With weary regularity, my 15-year-old son flips aside his pencil and, slumping in his chair, asks why a person with no intention of becoming a physicist or mathematician should be tortured with science and algebra. He doesn't yet see the value in learning the principles of logic, or the orderliness of the scientific method to test hypotheses.
I wipe my son's sweaty brow.
"It's so you don't grow up to be like the school board members in Dover, Pa.,'' I tell him.
Arguments opened recently in U.S. District Court in Harrisburg, Pa., in a case that has the feel of a grainy black-and-white movie starring ladies with velvet pocketbooks and men in bowties. The court will decide whether the Dover school board can require biology teachers to present "alternative'' explanations for human creation besides evolution.
One of those explanations, the Dover school board stipulated in a 6-3 vote last year, should be a notion called intelligent design. Intelligent design is more or less Genesis, except the role of "God'' is played by an unnamed "intelligent being'' who has, as comedian Jon Stewart puts it, the skill set of somebody who can create the universe. (Intelligent design also leaves out the talking-serpent part of the story.)
It is clear to me that what is on display in Harrisburg is not evolution. What is on display is America's spectacular failure to produce citizens with the ability to reason. The fact is the tender-headed folks in Dover are hardly alone.
More than a century after Darwin's findings on natural selection, and after decades of corroborating evidence through fossils and genetics, 55 percent of the public believes that "God created humans in their current form,'' according to a New York Times/CBS poll last year. This majority chose that statement over even this one, which at least gave a nod to evolution: "Humans evolved from less advanced life forms, but God guided this process.'' (Just 27 percent opted for this one.)
Since 2001, 43 states have faced challenges to teaching evolution in public schools. In a widely covered case last year, six parents had to go to court to stop the school board in Cobb County, Ga., from slapping stickers on biology textbooks that warned students that evolution "is not a fact.''
So I should not be surprised that a real judge using actual taxpayer dollars is presiding over testimony about the validity of a scientific theory about which there is no legitimate dispute. But scientist Eugenie Scott certainly is not surprised. She is the executive director for the National Center for Science Education, based at UC Berkeley. I talked to her by phone from Harrisburg, where she is advising the lawyers for the 11 parents who brought suit against the Dover board.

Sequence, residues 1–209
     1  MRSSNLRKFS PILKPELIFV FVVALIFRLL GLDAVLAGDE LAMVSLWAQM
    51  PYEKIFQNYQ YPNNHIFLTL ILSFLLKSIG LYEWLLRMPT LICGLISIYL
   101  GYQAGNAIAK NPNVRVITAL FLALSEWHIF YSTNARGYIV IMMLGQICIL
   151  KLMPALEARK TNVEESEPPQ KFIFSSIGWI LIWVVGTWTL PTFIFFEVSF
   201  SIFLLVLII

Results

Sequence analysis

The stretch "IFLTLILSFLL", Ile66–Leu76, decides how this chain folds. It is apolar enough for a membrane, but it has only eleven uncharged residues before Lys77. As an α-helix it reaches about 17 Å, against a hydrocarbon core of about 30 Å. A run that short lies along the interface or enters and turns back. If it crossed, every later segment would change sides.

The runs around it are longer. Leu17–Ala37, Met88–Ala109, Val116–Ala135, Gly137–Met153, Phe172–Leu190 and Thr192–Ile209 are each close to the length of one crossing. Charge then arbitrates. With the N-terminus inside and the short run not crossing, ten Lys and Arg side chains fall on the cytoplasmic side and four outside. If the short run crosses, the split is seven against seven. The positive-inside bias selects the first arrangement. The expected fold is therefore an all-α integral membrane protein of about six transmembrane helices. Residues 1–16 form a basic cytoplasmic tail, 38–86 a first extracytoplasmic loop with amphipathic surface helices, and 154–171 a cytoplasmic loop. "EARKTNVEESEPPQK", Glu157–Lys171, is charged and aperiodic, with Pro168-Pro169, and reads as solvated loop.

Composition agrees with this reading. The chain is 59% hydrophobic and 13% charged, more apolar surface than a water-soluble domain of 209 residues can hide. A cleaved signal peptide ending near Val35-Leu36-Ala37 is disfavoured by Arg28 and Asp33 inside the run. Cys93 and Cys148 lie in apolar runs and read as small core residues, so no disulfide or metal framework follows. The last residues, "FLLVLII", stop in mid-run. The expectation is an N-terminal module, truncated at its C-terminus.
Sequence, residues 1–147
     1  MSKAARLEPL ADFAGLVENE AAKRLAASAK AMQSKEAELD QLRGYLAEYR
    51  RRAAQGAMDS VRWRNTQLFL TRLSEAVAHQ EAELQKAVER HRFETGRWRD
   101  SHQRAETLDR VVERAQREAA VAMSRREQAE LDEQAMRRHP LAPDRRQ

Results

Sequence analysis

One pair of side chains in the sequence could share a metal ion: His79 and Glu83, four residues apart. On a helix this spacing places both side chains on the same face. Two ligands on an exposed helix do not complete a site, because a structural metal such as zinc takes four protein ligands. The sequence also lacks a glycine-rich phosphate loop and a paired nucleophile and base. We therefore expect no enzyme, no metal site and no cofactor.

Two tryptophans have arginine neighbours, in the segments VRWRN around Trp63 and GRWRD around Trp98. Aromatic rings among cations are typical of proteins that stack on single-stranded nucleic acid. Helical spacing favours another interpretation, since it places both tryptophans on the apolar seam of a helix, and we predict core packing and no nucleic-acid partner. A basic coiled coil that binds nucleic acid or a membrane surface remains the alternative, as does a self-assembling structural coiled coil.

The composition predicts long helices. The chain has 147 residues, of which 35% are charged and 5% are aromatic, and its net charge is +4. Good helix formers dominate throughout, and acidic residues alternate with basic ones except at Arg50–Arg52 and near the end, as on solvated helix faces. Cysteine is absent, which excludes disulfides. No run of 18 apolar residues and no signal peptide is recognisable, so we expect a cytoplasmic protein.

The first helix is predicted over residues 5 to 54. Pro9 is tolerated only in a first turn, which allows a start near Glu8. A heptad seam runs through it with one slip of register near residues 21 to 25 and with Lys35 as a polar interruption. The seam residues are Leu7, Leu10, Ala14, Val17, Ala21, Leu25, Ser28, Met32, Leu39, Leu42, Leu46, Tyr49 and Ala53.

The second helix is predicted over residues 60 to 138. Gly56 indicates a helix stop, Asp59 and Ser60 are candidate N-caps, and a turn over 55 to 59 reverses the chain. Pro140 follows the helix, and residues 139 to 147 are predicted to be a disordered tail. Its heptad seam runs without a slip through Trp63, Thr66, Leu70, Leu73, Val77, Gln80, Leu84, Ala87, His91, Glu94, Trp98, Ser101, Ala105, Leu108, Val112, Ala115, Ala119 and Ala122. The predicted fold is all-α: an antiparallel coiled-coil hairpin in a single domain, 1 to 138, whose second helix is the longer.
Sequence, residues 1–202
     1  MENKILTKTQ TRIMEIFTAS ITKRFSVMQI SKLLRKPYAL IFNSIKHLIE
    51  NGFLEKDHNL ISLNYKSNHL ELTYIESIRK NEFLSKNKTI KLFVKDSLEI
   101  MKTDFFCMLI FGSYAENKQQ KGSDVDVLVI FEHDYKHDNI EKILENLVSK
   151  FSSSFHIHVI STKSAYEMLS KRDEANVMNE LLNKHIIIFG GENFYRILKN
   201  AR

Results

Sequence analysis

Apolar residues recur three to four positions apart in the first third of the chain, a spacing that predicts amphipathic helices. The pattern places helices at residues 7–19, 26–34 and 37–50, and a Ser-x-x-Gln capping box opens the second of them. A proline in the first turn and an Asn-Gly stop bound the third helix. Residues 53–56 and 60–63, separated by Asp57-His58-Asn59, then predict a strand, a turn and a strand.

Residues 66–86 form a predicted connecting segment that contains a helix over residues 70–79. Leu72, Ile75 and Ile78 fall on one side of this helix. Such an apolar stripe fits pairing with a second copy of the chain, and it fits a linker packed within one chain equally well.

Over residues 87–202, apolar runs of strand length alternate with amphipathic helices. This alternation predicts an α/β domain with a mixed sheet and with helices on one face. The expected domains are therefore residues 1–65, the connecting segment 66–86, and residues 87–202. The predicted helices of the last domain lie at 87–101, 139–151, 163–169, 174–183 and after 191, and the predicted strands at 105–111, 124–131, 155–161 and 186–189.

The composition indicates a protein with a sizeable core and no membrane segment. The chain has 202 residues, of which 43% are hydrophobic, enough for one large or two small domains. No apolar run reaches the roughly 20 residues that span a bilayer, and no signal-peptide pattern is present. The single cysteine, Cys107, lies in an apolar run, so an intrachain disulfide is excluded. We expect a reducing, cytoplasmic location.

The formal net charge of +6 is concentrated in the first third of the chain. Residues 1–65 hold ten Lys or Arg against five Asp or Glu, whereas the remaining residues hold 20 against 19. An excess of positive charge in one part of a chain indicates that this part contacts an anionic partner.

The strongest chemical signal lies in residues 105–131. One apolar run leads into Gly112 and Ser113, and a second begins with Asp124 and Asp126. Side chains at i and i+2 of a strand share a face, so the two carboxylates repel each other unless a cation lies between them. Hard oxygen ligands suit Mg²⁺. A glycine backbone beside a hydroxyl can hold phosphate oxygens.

She is more generous than I am. She doesn't categorize the people pushing to teach creationism in public schools as wing nuts or boobs. She does not make judgments about those who believe that an actual Adam was put to sleep by God so that his rib could be excised to create a mate named Eve who fell under the spell of a persuasive snake. Scott does not point out, as some might, that this story of creation is no more or less believable than, say, the Norse creation story about melting ice forming a giant called Ymir and a cow called Audhumia whose incessant licking melted more ice that created more gods whose sons came upon two logs that turned into the first humans.
"People don't show up here (at the courtroom) because they believe evolution is bad science,'' Scott said. "They show up because they believe that if they accept evolution, then they are abandoning their religious beliefs. They see it as an either/or proposition: Either evolution happened, or God loves you.''
But as many others have said, faith and science are not mutually exclusive. Plenty of the clergy accept evolution, and plenty of scientists believe in God. Most Catholics, for example, accept Darwin's theory, believing that God inserted a soul into humans somewhere along the evolutionary time line.
"I think the clergy can do a better job explaining that according to their theology, evolution is OK,'' she said.
Truly, how could it not be OK with their theology? Faith is one thing; to reject evolution in teaching biology is another - it would be as inane as rejecting quantum theory or the theory of relativity in teaching physics. It is discouraging to see, in a federal courtroom in the year 2005, that educated men and women can still be so much like the ancients who sat around the fire and explained the world around them through stories of gods and serpents and magical gardens. It makes me wonder.
For the Dover folks, the best evidence against human evolution might be themselves.
* Joan Ryan is a former columnist for the Pilot-Tribune.